XML Documents

The purpose of an XML document is to capture structured data, just like an object in an object-oriented programming language. Documents are structured into a number of elements, delimited by tags which may or may not be nested within other elements.

Anyone familiar with the syntax of HTML will immediately be comfortable with the look and feel of XML, although anyone thinking about coding XML like HTML must be wary XML is extremely strict in its syntax, where the interpretation of HTML (particularly by browsers) is quite permissive. As we progress through the examples, it is worth remembering the fundamental document syntax:

  1. All tags must have corresponding end tags unless they are devoid of subelements, in which case they can be represented as

     <element-name … attributes … />. 
  2. No element can overlap any other element, although nesting within elements is allowed.

  3. A document can only have a single root element (which excludes the XML declaration <?xml … ?>).

  4. Attributes of an element must have unique names within the scope of a single tag.

  5. Only element names and attribute name-value pairs may be placed within a tag declaration.

The best way to understand XML is by example, and the XML document shown in Figure 2-1 is typical of the structure of most XML documents, though it is somewhat shorter than most we'll be seeing in the Web services world.

Figure 2-1. A simple XML document.
 <?xml version="1.0" encoding="utf-8"?> <dvd>   <title>The Phantom Menace</title>   <year>2001</year> </dvd>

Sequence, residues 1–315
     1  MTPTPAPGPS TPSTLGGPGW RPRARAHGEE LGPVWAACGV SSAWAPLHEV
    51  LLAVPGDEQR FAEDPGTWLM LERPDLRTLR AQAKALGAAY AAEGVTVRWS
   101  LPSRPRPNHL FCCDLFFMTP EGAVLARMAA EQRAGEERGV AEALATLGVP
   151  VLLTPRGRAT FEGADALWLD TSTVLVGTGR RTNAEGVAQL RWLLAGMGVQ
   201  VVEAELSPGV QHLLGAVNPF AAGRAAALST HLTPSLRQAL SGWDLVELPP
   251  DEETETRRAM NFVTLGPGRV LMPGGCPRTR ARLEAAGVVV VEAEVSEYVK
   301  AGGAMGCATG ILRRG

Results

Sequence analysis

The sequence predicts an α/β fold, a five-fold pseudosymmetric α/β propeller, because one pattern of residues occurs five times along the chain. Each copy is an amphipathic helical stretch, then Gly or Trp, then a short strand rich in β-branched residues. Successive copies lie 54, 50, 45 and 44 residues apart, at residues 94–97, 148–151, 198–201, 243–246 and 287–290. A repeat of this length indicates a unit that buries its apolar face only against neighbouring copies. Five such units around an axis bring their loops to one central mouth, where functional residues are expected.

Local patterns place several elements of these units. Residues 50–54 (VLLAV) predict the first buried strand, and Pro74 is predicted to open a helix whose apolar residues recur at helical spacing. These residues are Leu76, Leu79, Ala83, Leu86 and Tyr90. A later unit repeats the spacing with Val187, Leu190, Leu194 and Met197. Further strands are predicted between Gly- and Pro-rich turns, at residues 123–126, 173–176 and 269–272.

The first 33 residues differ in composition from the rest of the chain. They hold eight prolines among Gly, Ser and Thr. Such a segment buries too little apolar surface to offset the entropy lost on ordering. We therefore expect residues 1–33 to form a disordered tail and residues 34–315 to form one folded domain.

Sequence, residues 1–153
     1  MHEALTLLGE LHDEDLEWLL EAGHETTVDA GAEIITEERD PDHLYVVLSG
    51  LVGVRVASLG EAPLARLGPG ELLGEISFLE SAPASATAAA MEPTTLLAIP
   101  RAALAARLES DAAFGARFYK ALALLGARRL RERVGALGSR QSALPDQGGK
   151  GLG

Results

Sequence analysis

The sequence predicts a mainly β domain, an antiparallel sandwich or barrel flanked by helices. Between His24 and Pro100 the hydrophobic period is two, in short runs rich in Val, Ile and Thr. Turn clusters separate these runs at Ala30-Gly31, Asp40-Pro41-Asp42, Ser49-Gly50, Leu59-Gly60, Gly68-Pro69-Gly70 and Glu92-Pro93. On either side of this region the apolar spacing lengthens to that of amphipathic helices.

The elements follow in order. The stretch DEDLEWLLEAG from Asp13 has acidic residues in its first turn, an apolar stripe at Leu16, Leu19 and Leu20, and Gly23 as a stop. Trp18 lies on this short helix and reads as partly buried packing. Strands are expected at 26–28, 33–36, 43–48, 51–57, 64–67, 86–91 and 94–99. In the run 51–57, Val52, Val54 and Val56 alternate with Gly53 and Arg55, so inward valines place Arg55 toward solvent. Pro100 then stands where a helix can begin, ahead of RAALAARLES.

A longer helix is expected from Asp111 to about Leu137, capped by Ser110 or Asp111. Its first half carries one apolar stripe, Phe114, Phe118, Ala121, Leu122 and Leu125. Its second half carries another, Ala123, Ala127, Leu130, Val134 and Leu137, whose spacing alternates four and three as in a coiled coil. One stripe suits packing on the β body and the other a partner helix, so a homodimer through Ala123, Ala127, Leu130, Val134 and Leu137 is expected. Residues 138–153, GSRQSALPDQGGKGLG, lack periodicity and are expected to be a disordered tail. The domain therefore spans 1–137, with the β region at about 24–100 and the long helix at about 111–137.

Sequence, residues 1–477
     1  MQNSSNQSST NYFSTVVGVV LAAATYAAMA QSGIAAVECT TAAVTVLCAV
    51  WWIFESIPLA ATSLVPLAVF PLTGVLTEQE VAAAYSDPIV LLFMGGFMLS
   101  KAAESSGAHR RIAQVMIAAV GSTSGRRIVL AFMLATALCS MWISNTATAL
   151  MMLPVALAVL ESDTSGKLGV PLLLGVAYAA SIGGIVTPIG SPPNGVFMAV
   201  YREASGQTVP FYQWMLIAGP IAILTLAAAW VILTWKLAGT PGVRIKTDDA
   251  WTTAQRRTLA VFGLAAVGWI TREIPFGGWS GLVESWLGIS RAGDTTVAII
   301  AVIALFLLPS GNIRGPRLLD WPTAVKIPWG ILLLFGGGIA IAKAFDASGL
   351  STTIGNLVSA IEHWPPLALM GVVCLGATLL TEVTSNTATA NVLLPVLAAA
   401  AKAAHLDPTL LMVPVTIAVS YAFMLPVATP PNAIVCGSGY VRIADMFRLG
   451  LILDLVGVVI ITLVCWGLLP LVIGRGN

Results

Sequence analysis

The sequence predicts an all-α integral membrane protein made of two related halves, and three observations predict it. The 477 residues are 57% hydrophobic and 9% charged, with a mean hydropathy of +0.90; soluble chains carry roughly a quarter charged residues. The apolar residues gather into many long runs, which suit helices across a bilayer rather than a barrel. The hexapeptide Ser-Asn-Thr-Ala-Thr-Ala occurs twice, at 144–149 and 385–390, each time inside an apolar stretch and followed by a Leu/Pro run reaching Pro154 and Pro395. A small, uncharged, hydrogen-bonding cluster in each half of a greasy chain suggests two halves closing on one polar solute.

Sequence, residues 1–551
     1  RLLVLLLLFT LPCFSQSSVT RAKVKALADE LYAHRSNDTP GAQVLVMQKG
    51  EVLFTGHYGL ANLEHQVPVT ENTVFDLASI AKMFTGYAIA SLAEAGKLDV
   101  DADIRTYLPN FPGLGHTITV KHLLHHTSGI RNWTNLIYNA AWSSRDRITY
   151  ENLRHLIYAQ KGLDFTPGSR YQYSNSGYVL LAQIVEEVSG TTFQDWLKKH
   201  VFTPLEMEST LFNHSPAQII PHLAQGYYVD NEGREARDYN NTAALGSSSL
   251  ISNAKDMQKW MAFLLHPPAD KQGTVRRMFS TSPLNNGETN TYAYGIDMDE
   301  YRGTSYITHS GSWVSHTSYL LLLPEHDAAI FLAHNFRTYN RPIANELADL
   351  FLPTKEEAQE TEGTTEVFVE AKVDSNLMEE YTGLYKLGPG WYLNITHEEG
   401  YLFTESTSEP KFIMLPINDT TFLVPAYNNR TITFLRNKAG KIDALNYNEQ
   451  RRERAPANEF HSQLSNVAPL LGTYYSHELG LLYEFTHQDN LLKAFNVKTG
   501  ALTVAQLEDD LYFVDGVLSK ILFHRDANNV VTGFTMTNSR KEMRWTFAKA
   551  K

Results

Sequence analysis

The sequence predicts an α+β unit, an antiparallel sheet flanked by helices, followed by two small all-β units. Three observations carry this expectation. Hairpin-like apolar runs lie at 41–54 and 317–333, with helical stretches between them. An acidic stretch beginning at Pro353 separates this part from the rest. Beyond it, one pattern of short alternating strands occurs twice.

Figure 2-1 shows a simple XML document that contains data about a DVD. The document (as all XML documents should) begins with the XML Declaration, delimited by <? and ?>. This declaration provides information for any programs that are going to process the document. In this case it informs any processors that the XML document is encoded according to version 1.0 (at the moment 1.0 is the first and only XML version and the 1.1 effort is underway) and the underlying textual encoding is UTF-8 as opposed to ASCII.

The remainder of the document is where the actual structured data is held. In this case we have a root element delimited by the dvd tag, which contains two subelements delimited by the title and year tags. Those subelements contain textual data that we assume relates to the name of the film on the disk and the year of its release (though this is a convention and we could name elements badly, just as we can poorly name variables when programming).

We can take this document one stage further and make it a little more useful for those programs who might want to derive richer information from it. The document shown in Figure 2-2 embellishes that from Figure 2-1 adding in the DVD regional information as an attribute to the root element region="2". We have also added a comment to aid human readability that is delimited by <!-- and -->.

Figure 2-2. A simple XML document with attributes and comments.
 <?xml version="1.0" encoding="utf-8"?> <!-- This is the European release of the DVD --> <dvd region="2">   <title>The Phantom Menace</title>   <year>2001</year> </dvd> 

The addition of the attribute in Figure 2-2 would, for instance, be of great help to a DVD cataloging system that could use the region attribute to classify disks by their target geographical region.

Developing Enterprise Web Services. An Architect's Guide
Developing Enterprise Web Services: An Architects Guide: An Architects Guide
ISBN: 0131401602
EAN: 2147483647
Year: 2003
Pages: 141

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